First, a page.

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would be forfeited. From 1764 until 1774 tne Colonies had no unity of purpose
other than in some manner to prevent taxation. After the "Tea Parties" of
Boston and New York, Boston was called upon to pay for the tea its citizens had de-
stroyed, and a blockade of the harbor was threatened. Boston called, May 13,
1774, on her sister Colonies for their "Advice on a case of such extensive conse-
quences." There was a large diversity of opinion among the Colonies, many
agreeing with Boston for a non-importation-non-exportation agreement. New.
York had appointed a large Committee of Fifty-one. At a meeting held May 23d
in the long room of the Merchants Coffee House, southeast corner of Wall and
Water Streets, a special committee, consisting of Isaac Low, chairman, Alex-
ander McDougall, James Duane, and John Jay was appointed, "to prepare a
draft of a letter in answer to those received from Boston."

This letter, one of the most important ever written, as it solved the questions
that confronted the Colonies for nearly ten years, brought about the first Congress
of the Colonies, held at Philadelphia in 1774 and called the "United Colonies of
North America." Yet histories have failed to give a copy of this important letter
while but few have even so much as mentioned either the letter or the names of
those who signed it. But it resulted in the foundation of a great nation. On
every occasion when permissible this letter should be published, and at least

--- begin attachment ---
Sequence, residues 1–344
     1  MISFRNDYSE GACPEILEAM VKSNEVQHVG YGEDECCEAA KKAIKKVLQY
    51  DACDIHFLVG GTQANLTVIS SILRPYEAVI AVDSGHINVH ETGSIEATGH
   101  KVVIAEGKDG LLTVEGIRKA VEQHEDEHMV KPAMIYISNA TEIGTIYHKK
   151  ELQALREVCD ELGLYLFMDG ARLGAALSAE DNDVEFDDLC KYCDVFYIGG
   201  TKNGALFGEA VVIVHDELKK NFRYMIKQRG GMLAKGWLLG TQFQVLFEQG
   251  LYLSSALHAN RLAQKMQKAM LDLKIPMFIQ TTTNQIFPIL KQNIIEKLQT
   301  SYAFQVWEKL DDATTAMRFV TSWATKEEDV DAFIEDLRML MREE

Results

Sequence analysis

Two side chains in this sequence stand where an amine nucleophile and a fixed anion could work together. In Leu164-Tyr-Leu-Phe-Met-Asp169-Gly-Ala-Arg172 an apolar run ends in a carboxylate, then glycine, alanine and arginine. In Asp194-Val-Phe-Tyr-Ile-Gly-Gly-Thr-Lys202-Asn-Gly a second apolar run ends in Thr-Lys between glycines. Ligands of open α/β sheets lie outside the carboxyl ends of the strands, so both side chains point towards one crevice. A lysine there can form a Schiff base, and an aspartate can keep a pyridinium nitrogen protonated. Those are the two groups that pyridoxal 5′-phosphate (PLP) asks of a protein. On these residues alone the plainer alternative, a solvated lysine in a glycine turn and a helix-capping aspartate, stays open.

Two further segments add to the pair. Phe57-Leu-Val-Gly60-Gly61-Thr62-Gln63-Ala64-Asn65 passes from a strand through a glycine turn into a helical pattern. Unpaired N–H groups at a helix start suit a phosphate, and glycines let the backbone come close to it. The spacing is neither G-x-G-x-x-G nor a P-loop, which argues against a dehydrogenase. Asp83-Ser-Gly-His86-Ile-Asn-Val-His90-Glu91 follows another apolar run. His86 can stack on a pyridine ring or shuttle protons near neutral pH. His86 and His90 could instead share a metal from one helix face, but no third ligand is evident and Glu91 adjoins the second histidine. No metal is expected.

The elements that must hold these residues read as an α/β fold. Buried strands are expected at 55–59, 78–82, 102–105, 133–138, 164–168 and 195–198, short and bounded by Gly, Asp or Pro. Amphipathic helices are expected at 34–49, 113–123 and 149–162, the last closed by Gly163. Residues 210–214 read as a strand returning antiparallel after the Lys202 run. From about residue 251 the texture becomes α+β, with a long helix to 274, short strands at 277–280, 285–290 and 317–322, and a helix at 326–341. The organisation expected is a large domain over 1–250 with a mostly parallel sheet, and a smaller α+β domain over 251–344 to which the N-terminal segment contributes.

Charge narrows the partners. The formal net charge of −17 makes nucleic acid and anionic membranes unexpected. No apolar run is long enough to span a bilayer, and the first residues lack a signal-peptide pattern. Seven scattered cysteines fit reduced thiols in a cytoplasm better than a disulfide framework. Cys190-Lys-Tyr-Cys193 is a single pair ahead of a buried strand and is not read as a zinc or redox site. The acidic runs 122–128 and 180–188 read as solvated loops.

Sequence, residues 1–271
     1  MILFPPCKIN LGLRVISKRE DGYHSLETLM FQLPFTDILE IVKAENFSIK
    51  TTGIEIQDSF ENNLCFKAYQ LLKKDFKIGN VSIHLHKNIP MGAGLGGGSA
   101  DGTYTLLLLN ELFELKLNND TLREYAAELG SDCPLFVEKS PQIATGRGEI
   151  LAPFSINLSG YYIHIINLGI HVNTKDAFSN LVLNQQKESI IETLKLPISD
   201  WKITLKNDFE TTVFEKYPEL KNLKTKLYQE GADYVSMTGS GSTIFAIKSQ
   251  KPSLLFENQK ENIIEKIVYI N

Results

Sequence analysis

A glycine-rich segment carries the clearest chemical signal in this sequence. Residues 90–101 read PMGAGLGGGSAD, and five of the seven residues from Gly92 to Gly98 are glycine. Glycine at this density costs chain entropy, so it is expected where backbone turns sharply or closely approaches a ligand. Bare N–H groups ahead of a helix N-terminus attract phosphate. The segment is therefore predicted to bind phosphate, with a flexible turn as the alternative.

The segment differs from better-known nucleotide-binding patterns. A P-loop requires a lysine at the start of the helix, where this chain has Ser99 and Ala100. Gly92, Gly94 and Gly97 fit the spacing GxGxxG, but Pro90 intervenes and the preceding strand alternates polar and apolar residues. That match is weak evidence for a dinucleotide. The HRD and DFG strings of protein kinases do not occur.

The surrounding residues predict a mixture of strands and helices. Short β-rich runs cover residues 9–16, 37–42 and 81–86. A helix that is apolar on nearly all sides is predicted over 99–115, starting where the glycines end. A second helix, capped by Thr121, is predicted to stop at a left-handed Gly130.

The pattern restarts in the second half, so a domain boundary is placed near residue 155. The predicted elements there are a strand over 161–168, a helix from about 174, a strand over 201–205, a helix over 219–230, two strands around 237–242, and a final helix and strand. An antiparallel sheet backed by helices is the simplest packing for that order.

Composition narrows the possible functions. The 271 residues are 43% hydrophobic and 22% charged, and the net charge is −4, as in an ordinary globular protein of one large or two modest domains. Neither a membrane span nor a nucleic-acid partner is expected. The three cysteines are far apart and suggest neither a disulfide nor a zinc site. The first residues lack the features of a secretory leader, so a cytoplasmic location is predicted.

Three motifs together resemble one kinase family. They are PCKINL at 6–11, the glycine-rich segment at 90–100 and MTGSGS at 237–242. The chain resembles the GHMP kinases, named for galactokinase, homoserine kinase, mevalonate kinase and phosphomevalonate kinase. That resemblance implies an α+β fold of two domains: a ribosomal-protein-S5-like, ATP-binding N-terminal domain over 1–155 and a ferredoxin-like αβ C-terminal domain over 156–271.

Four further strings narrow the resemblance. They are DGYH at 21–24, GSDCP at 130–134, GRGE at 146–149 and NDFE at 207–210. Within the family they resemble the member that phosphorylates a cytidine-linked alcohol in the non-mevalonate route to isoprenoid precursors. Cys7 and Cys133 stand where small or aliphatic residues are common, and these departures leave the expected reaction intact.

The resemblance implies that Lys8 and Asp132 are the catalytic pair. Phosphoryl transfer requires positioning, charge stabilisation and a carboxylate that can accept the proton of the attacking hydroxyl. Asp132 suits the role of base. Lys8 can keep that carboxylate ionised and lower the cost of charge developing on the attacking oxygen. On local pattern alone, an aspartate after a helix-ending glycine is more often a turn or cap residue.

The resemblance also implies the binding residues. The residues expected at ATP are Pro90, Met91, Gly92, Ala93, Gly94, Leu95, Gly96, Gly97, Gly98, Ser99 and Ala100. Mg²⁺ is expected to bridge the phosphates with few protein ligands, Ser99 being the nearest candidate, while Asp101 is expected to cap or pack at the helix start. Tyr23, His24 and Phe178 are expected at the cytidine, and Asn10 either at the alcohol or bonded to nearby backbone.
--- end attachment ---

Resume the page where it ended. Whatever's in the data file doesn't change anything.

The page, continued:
once a year it should be read in every school in our country. It was written by
John Jay late in the afternoon of May 23, 1774, during the excitements per-
taining to the first meeting of our large Committee of Correspondence, in a room
in the old Coffee House, and sanctioned by men fully aware of the great personal
danger awaiting them should the cause of Liberty fail, but for all that firmly ad-


vocating the importance of unity. "The Cause is general," they declare, "and
concerns a whole Continent who are equally interested with you. and us, and we
foresee that no Remedy can be of avail, unless it proceeds from the joint Act
and Approbation of all."

A True Copy of the Famous Letter.

New York., May 23rd, 1774.

The alarming Measures of the British Parliament relative to your ancient and
respectable Town, which has so long been the Seat of Freedom, fills the Inhabitants
of this City with inexpressible Concern; as a Sister Colony suffering in Defence
of the Rights of America, we consider your Injuries as a common Cause, to the
Redress of which it is equally our Duty and our Interest to contribute. But what
ought to be done in a Situation so truly critical, while it employs the anxious
Thoughts of every generous Mind, is very hard to be determin'd. Our Citizens
have thought it necessary to appoint a large Committee consisting of fifty-one